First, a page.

Much has already been made of the extent to which Fury Road is a feminist film. This isn’t an accident – Miller brought legendary feminist playwright and activist Eve Ensler to the set of the film to work with the cast and crew specifically because the MacGuffin of the film is sexually-exploited women. Immorten Joe and his coregents represent the very worst of patriarchy not only because they abuse women, but because everyone who is not them is, in their eyes, less than human. As Miller observes:
Everyone in the film is a commodity in one way or another. Max is a blood bag. The girls are breeders. The Warboys are cannon fodder. Everyone has his brand on them. – George Miller
Feminism is often defined (somewhat tongue-in-cheek) as “the radical notion that women are people too.” Fury Road expertly demonstrates that patriarchy hurts everyone, not just women. Patriarchy will use whatever tools it must – religion, economics, violence – to maintain the power of the few at the top.
Imperator Furiosa (Charlize Theron in an already-classic role as Mad Max’s equal) seeks to flee Imperator Joe’s patriarchal power, to rescue these abused girls (who leave behind messages like “Women are not things.”). Her goal is to get them to safety in “the green place”, an Edenic Promised Land, a memory of her long-lost childhood, beyond the desert wastes.
The Exodus imagery is strong through the first two thirds of the film – Furiosa is a desperate Moses, fleeing through a Red Desert with Pharaoh’s terrifying army in hot pursuit (and poor Max dragged along for the ride).
All that changes at the end of Act 2 when Furiosa and Max find what’s left of Furiosa’s people and learn there is no Promised Land – it’s been poisoned like everything else. They face a life in the wilderness, with no hope ahead of them.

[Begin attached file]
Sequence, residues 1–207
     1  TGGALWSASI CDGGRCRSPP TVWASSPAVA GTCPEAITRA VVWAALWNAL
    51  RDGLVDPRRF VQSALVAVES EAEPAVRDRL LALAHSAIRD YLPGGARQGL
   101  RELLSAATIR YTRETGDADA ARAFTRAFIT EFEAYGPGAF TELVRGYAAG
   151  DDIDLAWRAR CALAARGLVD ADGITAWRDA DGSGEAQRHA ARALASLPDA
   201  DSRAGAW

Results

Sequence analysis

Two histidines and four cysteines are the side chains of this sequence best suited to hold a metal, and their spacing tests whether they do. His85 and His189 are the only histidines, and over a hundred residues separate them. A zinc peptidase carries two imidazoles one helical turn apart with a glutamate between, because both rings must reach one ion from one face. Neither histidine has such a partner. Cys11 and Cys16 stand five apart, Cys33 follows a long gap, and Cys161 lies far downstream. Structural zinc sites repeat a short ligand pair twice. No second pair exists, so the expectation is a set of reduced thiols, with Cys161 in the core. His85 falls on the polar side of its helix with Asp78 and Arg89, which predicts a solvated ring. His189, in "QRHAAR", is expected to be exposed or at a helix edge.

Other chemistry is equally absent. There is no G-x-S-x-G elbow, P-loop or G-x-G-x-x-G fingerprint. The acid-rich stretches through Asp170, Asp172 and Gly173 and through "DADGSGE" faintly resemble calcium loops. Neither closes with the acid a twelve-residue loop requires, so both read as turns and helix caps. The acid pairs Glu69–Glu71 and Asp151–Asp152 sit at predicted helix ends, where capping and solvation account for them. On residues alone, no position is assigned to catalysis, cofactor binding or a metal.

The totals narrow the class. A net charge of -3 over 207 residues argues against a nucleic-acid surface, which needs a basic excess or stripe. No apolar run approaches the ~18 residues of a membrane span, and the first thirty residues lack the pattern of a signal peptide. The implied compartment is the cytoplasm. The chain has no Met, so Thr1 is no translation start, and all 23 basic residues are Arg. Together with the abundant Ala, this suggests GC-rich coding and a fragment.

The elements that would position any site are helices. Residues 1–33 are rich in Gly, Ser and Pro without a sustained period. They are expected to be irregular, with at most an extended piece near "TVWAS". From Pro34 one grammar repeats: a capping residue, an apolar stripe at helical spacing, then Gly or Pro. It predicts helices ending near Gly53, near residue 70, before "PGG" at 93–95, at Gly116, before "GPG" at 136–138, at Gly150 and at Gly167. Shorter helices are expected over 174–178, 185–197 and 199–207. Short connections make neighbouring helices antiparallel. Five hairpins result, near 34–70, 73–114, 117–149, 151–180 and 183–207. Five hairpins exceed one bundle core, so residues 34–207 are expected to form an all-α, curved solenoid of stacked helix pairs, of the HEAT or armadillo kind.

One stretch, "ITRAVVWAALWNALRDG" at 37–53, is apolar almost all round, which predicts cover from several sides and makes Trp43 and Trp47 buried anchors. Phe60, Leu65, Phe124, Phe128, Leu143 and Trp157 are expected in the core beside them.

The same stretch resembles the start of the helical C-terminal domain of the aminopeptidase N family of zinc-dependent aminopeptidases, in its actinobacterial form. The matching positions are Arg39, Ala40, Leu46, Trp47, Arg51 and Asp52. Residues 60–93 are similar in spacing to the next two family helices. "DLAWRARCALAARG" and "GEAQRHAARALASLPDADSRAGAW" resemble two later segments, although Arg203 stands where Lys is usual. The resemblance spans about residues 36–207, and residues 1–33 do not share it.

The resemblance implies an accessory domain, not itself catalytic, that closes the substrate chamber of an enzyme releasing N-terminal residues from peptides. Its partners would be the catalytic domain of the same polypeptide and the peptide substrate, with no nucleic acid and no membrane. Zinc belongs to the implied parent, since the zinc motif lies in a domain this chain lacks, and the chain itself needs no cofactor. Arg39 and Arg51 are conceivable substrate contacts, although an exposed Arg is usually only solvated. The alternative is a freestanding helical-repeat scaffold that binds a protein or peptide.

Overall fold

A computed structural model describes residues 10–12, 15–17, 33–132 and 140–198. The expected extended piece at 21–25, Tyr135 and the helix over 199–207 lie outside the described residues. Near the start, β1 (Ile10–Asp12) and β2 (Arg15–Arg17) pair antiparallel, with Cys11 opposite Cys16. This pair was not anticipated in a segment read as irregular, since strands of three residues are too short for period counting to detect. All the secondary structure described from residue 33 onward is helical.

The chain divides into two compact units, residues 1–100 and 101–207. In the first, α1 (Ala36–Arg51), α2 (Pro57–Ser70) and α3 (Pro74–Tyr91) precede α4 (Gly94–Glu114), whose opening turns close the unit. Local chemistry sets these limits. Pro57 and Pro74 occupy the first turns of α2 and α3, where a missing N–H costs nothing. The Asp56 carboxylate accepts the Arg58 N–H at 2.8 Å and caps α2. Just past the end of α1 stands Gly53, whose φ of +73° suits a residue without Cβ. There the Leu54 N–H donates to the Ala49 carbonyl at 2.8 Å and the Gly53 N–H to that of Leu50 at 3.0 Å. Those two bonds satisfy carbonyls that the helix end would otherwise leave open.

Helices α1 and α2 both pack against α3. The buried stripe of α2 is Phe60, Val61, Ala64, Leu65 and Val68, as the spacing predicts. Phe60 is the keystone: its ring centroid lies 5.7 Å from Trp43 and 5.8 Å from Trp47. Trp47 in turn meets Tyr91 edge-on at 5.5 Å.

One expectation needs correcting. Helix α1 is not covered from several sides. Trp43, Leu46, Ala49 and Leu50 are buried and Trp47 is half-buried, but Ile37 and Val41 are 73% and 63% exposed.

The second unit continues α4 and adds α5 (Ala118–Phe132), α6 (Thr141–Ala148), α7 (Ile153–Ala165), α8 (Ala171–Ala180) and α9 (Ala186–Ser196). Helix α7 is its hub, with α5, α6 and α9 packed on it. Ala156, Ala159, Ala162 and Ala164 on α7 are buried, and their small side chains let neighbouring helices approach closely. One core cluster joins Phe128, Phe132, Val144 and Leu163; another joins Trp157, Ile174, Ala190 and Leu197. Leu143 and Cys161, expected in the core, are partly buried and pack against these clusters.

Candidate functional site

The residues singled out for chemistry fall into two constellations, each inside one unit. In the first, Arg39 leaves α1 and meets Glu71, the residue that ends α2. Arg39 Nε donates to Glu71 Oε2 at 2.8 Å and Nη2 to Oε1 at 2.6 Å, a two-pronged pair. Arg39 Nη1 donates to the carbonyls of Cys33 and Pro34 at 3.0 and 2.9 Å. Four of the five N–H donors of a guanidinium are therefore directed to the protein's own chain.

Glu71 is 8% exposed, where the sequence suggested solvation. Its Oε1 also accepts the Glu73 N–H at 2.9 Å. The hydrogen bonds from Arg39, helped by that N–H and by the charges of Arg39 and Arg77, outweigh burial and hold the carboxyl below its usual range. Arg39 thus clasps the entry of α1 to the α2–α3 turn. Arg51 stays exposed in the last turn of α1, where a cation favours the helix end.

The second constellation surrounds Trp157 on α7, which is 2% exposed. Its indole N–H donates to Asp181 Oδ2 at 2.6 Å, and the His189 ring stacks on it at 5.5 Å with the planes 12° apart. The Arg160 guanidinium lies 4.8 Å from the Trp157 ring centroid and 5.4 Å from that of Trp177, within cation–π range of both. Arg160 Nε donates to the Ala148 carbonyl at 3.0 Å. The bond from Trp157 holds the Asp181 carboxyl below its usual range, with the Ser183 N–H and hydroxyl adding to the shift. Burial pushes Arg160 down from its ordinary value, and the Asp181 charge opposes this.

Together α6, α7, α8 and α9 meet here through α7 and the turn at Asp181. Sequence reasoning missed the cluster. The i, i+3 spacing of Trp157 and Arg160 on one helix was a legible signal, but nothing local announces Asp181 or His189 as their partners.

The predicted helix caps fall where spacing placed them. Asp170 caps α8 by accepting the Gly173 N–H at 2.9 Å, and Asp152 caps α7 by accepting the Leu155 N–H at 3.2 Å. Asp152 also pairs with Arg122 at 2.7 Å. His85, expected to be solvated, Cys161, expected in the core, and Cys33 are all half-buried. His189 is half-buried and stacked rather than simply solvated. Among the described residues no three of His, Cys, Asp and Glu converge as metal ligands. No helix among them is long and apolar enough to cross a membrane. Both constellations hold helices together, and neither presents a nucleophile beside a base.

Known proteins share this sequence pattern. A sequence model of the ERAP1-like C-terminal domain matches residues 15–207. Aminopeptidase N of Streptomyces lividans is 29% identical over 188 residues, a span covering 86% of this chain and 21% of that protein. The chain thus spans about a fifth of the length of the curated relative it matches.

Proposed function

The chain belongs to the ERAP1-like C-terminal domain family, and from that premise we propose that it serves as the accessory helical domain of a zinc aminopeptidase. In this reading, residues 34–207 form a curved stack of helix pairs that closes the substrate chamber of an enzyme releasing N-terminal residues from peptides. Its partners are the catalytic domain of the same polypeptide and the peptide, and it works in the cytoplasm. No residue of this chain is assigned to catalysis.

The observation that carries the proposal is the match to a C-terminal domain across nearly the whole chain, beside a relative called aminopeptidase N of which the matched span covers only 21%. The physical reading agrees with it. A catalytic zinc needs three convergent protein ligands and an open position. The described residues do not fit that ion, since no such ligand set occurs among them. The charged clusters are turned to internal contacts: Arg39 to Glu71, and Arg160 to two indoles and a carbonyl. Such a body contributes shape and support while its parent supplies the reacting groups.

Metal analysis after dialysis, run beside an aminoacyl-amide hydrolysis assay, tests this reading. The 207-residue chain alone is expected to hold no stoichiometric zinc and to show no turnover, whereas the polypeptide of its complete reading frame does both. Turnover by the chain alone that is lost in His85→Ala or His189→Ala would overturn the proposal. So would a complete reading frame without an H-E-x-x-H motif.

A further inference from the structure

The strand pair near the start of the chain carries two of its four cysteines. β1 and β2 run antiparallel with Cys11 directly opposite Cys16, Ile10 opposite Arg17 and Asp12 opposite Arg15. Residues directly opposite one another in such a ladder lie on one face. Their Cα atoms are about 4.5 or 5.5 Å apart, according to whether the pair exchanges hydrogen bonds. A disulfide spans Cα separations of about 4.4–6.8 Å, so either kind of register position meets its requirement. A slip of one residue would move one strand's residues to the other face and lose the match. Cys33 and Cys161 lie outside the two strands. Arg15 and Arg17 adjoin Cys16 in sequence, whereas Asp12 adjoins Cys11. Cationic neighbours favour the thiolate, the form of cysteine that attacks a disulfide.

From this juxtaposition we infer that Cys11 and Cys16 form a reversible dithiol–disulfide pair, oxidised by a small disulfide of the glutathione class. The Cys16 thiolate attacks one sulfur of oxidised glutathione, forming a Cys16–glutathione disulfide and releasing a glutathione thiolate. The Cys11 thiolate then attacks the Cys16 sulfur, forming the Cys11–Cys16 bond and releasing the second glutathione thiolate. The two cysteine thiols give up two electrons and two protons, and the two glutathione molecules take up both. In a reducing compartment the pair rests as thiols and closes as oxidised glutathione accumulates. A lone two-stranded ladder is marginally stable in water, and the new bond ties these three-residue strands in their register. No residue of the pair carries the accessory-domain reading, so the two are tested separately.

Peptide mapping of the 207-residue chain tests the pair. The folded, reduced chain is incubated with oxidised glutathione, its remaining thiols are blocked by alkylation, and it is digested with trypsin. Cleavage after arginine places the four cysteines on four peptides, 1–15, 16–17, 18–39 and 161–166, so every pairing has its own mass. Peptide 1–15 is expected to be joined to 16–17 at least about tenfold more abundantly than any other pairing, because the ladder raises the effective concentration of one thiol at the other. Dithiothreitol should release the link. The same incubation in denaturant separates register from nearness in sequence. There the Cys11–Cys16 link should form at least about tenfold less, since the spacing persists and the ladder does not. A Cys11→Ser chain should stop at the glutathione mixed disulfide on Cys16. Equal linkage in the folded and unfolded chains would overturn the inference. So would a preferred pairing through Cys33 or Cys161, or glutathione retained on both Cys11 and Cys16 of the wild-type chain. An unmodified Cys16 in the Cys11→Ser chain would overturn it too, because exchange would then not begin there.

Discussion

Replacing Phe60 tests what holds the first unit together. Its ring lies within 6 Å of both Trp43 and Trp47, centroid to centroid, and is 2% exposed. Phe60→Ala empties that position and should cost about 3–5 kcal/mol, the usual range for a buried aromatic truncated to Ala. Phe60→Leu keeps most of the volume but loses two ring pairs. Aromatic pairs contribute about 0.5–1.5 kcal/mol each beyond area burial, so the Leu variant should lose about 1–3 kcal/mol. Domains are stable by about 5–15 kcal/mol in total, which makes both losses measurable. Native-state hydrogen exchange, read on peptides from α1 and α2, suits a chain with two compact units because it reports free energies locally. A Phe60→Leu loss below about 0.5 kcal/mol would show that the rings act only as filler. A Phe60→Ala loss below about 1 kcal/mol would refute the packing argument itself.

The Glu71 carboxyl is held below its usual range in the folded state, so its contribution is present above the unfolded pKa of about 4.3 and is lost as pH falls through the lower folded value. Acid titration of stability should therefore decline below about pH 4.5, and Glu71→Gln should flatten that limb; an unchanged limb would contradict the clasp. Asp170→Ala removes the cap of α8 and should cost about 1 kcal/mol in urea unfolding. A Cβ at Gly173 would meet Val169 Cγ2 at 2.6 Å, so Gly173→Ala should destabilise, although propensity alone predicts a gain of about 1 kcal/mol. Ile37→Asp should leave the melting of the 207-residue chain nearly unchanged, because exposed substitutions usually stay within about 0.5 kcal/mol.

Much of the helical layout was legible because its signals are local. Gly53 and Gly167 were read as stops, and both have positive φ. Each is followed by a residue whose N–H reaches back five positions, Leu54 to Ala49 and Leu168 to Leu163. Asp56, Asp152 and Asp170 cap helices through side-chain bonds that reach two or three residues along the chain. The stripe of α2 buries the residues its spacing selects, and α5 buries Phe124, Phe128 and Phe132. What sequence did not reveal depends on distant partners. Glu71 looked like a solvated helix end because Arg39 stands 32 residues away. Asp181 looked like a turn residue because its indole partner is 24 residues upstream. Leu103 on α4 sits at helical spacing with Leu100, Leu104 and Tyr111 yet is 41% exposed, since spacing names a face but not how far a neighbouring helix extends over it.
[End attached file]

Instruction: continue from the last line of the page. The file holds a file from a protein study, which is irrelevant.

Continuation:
In this moment, Max decides to quit running. He tells Furiosa and her people they have only one choice – to return to Immorten Joe’s compound and take Egypt while Pharaoh and his armies are out chasing them.
What follows is a stunning call to work against injustice, an embodiment of Dr. King’s famous dictum, “Injustice anywhere is a threat to justice everywhere.” The Immorten Joes of our world have ensconced themselves in the best places, doling out only as much autonomy and humanity as they need to maintain their power. Many of us, like Furiosa, are convinced we need to flee, to search for freedom elsewhere.
Fury Road is a call to pull the Pharaohs down from their thrones, to remember that these persons are not gods, but humans.
The film ends with a question:
Where must we go, we who search this wasteland in search of our better selves?
The film’s answer is that we must return to Egypt, not as slaves, but as liberators. We must band together and stand tall against oppression, against everyone and everything that tells us we are less than human. Only then may we learn who we truly are, and find true freedom, not in the wasteland, but in paradise.
MAD MAX: Fury Road is a masterfully crafted film that hits all the right notes. Combine Miller’s technical mastery of the craft with a timely, empowering message delivered with pitch-perfect cinematic storytelling, and you have the recipe for an instant classic. Here’s hoping the box office rewards what is sure to be this year’s smartest, most entertaining and flat out crazy film.
And can we talk about how awesome that portable soundtrack was? I need one of those.